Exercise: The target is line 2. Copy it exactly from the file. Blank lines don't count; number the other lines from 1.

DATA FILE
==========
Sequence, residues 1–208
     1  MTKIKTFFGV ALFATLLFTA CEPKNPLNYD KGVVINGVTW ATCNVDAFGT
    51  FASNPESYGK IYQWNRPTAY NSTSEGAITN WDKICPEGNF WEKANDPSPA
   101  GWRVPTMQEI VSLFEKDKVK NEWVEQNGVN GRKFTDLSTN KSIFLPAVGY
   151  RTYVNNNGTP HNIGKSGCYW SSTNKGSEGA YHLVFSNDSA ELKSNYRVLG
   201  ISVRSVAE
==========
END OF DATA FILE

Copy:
     1  MTKIKTFFGV ALFATLLFTA CEPKNPLNYD KGVVINGVTW ATCNVDAFGT